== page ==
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julius eastman

Crazy Nigger (LP)
€ 19.90
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julius eastman - Crazy Nigger (LP)

julius eastman

Crazy Nigger (LP)

€ 19.90

LABEL: BLUME
GENRE: Compositional | FORMAT: LP | CATALOG N. BLUME 14 | YEAR. (2018)

Out of stock

** Edition of 300 LP on color vinyl. 180gr Audiophile pressing. Including printed inner sleeve housing a Nagaoka anti-static record sleeve, plus an original insert that functions as Obi** Julius Eastman's seminal classic is now reissued on vinyl for the first time ever. Tracing the narrow geography between Upstate New York and New York City, the narrative of his life unveils the lies carried by the American dream and how deeply the bigotry of that country runs – where talent, genius, and hard work are disposed to fall on deaf ears if you are born with brown skin or find yourself beyond of the definitions of heteronormative love – where individualism is expected, as long as you play by the rules, and where free-thinkers all too often join the ranks of the oppressed. Against this backdrop, the body of music which Eastman composed, with its proximity and evolving reception, forces its listeners to face the complex questions sounding interpretation and the terms of engagement within the arts. Where does the beauty of a work end? Where does that of its creator begin?
Great art offers a glimpse of freedom – a vision of unbound spirit. It is the sublime, reaching beyond the material world, into something fundamentally human and collectively shared. While it rarely completely dissociates itself from the identity and experiences of the maker, and perhaps never should, when these objects enter our ears and hearts they become common ground – free-floating bodies which should be addressed entirely on their own terms – what they are, what they do, and what they bring into our lives. Through them, within us, others speak. Being great art, this what Eastman’s music activates. It is free. It is sublime. It stands on its own. There is common ground. But, through complex form of conceptualism deployed by his titles, the composer created a double for his reality of self – a quest for freedom, forever shackled to African American and queer experience, and with them, the bigotries of a very real world. These words carry a second clause – a statement that this music can never be taken, nor bent to another’s will. It is not ours. It is his. It is queer and black, born of the oppressive pain of the United States. There was consciousness and politic in everything he did.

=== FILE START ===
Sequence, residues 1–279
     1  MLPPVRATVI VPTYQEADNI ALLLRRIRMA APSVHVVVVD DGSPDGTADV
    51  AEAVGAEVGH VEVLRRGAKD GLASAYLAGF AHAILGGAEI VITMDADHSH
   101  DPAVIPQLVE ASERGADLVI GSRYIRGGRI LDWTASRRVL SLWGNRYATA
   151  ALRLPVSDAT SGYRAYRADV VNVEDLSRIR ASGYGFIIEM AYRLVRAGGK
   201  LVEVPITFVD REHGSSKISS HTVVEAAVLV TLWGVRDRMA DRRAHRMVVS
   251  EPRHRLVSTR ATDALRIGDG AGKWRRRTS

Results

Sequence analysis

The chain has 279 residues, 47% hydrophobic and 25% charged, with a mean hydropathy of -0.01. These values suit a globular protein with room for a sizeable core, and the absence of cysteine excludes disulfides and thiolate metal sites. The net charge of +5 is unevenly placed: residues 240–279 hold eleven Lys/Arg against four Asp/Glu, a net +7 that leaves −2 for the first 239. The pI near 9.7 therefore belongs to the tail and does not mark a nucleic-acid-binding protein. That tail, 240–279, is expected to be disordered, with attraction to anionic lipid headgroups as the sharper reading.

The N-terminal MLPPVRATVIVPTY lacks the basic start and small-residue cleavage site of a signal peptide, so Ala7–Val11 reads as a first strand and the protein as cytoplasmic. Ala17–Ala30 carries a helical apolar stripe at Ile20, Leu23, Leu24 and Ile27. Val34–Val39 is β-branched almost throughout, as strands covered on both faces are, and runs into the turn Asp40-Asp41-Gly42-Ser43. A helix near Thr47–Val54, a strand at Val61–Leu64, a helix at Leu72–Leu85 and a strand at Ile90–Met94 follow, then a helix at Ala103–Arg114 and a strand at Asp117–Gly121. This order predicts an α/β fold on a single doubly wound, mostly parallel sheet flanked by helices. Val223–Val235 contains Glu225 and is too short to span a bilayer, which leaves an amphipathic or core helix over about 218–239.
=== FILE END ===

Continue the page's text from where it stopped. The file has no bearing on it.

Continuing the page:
When stitched together, the tragedies and pain of Eastman’s life – the heartbreak of what was against what should have been, is enough to bring the callous to tears. It is a tale of bad luck and thwarted dreams. While formally entering the public eye as a member of Creative Associates – a group of experimental composers which included Morton Feldman, Lukas Foss, and Pauline Oliveros, and recognized as a talented pianist and vocalist – a perception cemented by his efforts within multiple ensembles, most notably S.E.M, which he helped found, his own works were often overlooked. During his lifetime, only one of his composition found release – Touch Him When, issued on the Tellus #4 compilation, in 1984. Following his untimely death in 1990, his legacy, if it was to be anything at all, seemed to be little more than a handful of performances on recordings by Peter Maxwell Davies, Arthur Russell, Meredith Monk, Peter Gordon, and Morton Feldman. While never receiving attention he deserved, the truth is, for a decade or more, Eastman was regarded, at least by some, as one of great voices of his generation – those composers who built upon the ground laid by the Minimalists. His works were regularly performed and well received. What happened?